What it is: Elimination diets avoid a specific food or group of foods, such as milk, meat, gluten-rich fiber and processed foods, that may be inflammatory for some people. Patients avoid these foods for a specific period and then gradually reintroduce them back into their diet one at a time. Since researchers still aren’t clear which foods trigger a flare, the goal of an elimination diet is to determine which foods cause a negative reaction among arthritis patients.
Is it backed by science? It’s hard to say. Most elimination diet research focuses on dairy or gluten – and even those studies produce mixed results with some studies showing dairy is pro-inflammatory and others suggesting it’s anti-inflammatory. “It’s highly variable depending on the individual,” says Angelone. But there’s no doubt that dairy products, such as milk, can help meet growing kids’ nutritional needs. The same issue applies to gluten. There’s no need to strip gluten from your child’s diet unless he/she has a gluten sensitivity or has been diagnosed with celiac disease.
What are the pitfalls for kids: Elimination diets are a big shift from the standard American diet, so there’s a lot of prep work involved. “Eliminating foods eliminates nutrients and that’s especially concerning for kids since they’re already self-limiting certain foods,” says Angelone, emphasizing that elimination diets may set children up for developmental delays.
Instead of focusing on what to nix from your child’s diet, consider what you should include (fruits, vegetables, nuts, seeds and legumes). Fill his/her plate with a rainbow of foods from all the food groups and select powerhouses that have been proven to boost immunity and promote bone, eye and heart health. They may not cure arthritis or silence pain, but they’ll significantly improve your child’s wellbeing.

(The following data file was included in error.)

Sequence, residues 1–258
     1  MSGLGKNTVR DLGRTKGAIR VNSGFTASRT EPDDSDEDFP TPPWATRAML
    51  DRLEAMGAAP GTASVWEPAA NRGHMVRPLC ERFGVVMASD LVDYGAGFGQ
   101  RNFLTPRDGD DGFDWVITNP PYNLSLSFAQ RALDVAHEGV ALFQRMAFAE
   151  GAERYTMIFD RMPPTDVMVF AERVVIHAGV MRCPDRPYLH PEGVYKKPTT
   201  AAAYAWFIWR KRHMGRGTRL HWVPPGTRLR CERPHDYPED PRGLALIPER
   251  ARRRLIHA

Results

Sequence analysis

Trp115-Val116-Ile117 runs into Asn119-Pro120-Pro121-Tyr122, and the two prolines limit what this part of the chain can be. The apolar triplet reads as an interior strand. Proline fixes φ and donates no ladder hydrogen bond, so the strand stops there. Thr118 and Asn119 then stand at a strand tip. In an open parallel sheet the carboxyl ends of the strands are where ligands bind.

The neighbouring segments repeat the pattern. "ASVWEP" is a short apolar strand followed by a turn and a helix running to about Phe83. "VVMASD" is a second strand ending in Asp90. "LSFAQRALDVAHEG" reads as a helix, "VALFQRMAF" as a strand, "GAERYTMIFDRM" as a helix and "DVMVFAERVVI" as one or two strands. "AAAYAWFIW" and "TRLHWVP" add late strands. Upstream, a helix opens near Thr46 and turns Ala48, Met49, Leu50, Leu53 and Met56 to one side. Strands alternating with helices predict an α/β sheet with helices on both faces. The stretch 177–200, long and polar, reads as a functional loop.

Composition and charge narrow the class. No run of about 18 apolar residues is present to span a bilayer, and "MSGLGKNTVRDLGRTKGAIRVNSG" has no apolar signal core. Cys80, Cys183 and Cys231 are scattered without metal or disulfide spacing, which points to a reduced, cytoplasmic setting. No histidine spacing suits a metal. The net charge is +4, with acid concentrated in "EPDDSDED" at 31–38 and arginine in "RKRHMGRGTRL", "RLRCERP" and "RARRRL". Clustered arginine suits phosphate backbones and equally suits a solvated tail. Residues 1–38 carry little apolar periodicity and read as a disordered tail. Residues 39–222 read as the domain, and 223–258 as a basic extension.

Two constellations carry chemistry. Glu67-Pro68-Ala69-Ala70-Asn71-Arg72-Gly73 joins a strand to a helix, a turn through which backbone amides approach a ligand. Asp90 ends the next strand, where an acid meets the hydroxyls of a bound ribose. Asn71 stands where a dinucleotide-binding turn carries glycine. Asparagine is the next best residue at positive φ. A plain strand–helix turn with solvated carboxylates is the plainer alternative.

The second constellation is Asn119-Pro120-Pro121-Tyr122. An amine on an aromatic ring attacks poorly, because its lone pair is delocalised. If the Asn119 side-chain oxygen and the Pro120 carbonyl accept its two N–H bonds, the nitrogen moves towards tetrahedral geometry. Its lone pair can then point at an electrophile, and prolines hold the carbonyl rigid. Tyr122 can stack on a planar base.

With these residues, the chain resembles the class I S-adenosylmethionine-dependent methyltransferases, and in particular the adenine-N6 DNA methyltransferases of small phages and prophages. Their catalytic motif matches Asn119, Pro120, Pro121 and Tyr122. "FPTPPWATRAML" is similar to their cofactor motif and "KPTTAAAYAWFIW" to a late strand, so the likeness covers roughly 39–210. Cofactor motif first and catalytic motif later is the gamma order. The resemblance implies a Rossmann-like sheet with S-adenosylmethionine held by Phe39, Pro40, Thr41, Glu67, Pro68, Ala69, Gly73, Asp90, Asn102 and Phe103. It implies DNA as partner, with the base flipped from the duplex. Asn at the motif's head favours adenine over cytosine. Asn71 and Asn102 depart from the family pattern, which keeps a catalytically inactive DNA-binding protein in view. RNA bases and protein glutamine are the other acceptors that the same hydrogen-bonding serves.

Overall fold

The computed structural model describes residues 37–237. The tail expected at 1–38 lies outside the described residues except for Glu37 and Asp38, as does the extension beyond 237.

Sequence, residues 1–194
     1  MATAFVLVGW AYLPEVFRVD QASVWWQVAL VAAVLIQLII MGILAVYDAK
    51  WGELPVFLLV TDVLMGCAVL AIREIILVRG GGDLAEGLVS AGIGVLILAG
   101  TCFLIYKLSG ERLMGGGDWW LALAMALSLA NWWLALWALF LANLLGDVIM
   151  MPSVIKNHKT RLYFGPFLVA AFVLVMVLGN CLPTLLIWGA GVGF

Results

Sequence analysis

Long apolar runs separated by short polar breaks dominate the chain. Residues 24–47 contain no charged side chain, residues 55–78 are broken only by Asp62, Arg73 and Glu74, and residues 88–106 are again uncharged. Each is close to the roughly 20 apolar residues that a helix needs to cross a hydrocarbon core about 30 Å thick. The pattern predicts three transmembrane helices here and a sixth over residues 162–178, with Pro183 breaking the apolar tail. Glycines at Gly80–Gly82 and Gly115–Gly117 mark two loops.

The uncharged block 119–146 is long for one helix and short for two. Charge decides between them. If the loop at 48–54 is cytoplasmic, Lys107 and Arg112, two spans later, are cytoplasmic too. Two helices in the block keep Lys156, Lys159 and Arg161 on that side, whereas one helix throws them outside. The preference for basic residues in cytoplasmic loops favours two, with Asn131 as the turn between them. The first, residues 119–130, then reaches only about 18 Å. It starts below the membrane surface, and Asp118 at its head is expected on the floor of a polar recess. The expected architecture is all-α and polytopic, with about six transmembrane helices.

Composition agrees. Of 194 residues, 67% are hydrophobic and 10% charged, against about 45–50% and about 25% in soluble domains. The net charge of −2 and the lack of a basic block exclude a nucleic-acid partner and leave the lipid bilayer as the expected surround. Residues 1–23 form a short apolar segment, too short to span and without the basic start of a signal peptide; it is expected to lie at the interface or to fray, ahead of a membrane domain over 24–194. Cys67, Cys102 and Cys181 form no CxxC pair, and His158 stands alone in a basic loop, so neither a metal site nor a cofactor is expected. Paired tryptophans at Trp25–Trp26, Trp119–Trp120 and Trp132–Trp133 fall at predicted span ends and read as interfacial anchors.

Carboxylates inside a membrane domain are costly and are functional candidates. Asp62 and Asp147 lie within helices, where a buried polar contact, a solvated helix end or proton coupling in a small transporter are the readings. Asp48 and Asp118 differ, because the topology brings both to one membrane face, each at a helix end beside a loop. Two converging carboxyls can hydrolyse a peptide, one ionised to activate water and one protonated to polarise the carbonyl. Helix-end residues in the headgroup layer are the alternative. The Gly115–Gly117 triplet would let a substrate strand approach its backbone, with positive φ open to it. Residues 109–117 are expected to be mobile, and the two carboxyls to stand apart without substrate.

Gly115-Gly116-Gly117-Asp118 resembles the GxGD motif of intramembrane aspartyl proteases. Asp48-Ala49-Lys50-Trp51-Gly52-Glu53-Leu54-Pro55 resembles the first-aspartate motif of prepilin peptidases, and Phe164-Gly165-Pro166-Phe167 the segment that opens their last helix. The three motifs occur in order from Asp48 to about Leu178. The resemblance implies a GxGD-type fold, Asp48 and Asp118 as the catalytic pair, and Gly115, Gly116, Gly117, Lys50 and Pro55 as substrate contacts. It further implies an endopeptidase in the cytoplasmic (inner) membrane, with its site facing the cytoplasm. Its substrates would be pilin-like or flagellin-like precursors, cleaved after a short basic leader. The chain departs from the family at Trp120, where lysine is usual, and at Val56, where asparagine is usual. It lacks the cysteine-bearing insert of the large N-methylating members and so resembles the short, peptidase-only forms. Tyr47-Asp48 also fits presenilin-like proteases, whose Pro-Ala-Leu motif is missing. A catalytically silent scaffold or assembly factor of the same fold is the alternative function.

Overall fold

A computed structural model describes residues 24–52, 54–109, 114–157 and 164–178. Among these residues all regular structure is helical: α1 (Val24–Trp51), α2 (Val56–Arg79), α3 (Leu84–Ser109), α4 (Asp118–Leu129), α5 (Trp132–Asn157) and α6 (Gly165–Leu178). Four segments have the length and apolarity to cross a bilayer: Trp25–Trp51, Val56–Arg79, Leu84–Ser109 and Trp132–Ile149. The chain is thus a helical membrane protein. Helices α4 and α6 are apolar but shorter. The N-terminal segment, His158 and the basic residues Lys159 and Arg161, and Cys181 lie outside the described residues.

Most importantly, work with your child’s doctor or a registered dietitian before trying a specific diet to help manage your child’s arthritis symptoms. “When we’re adults we can self-modify and make more liberal changes, but with children we really have to worry about hitting developmental milestones,” says Romano.
What it is: A gluten-free diet is a type of elimination diet that is free of gluten, a protein found in wheat, rye, barley and a few other grains, such as farro, kamut and spelt. The diet was designed for people who have celiac disease because their natural defense systems react to gluten by attacking the small intestine and compromising nutrient absorption.